Honey bee diseases, genetics and pollination

The activities of honey bees and other pollinators is vital for agricultural production and protection of biodiversity. The great majority of agricultural crops must be pollinated by insects. The financial importance of pollinators for European agriculture is estimated to be more than 20 billion euros per year.  

Frequent reports of significant losses of honey bees gives rise to concern among beekeepers and crop growers, the latter of whom need honey bees for pollination of their crops. At the same time, we are seeing a decrease in the number of wild bees across the EU. In order to find solutions we need to have a better understanding of the underlying issues. 

Our research area builds on more than one hundred years of systematic monitoring and management of honey bees and publicly funded treatment of associated diseases in Denmark. Our aim is to support a healthy and productive population of honey bees in Denmark and the rest of the EU through improved understanding of the diseases and productivity of honey bees.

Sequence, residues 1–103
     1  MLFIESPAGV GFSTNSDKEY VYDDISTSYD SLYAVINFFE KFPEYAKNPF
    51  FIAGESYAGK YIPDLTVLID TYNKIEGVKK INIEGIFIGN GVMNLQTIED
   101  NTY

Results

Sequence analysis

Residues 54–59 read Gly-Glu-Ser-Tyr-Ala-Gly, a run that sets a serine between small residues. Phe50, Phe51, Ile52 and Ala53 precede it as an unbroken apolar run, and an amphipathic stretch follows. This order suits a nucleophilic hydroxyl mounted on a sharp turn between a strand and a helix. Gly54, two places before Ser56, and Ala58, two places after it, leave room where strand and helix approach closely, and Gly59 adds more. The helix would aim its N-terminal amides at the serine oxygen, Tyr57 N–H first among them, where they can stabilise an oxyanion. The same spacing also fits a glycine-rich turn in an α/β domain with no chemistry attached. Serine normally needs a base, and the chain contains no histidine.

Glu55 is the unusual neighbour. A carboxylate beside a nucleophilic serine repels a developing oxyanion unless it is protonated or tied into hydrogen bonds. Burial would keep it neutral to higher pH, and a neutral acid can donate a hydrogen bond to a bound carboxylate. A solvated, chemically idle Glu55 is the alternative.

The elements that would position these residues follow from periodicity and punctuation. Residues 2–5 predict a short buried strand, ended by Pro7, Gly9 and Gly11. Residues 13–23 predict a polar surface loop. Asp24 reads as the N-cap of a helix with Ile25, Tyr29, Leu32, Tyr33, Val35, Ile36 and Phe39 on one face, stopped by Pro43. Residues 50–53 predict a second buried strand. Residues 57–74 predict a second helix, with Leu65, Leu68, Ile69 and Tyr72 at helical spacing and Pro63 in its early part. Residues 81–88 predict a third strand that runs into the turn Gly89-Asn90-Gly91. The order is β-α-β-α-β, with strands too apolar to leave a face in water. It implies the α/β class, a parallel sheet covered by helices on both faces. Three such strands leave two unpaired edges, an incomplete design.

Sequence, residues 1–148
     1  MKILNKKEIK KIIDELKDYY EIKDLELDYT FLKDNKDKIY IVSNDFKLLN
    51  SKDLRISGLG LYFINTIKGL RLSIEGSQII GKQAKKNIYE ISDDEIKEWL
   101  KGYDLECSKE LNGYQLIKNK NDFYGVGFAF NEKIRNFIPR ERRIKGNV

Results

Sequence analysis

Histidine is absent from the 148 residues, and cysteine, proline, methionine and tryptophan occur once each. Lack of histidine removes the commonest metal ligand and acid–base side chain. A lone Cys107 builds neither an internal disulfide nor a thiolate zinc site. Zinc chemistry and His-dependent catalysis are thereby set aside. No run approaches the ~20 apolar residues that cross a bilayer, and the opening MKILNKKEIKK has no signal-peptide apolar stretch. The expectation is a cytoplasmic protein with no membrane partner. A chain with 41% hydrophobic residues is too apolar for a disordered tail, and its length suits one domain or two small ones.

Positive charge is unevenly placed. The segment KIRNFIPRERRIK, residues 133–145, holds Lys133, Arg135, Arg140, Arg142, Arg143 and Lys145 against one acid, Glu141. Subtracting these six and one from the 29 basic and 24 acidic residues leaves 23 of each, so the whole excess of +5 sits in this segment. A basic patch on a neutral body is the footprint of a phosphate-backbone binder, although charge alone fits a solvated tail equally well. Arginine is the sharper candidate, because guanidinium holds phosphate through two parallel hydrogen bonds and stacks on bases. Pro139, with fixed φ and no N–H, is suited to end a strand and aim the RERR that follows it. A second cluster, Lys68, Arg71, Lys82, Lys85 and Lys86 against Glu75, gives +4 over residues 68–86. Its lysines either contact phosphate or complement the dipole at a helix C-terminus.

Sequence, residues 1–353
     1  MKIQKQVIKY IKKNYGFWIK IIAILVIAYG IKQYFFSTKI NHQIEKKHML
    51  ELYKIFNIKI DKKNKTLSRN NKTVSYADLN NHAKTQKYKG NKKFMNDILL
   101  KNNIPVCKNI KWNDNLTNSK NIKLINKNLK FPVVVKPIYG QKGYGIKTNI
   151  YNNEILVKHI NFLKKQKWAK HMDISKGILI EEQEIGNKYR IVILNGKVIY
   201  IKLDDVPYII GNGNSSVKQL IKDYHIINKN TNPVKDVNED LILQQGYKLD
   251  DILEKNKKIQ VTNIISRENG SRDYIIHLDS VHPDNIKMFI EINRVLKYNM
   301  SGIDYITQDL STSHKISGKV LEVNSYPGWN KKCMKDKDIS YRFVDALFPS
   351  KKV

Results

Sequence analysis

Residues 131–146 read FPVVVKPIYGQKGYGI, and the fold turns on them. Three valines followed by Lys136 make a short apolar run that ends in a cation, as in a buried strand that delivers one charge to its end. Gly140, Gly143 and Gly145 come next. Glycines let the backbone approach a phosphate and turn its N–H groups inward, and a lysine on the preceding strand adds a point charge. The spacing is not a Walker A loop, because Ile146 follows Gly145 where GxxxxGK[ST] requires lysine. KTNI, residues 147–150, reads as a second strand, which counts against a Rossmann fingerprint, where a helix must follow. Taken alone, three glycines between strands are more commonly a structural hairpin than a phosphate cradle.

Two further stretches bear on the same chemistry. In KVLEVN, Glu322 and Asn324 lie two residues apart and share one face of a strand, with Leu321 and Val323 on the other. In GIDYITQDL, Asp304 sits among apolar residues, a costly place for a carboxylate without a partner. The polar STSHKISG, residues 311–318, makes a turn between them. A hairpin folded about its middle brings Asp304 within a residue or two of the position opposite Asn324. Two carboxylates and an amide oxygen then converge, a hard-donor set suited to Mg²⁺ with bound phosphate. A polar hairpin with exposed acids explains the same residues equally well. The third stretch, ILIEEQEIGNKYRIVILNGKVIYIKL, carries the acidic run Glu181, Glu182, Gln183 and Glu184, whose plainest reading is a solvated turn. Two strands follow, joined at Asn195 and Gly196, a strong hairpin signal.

We carry out strategic and basic research in honey bee health. Specific projects focus on the importance of food resources for disease resistance, honey bee genetics, and diversity. We work with improved control of varroa mites to help beekeepers with timely control. We are responsible for engaging and supporting hundreds of beekeepers with their participation in monitoring programmes and disease control. An important element is courses for experienced beekeepers and continuing education of experienced beekeepers and bee inspectors.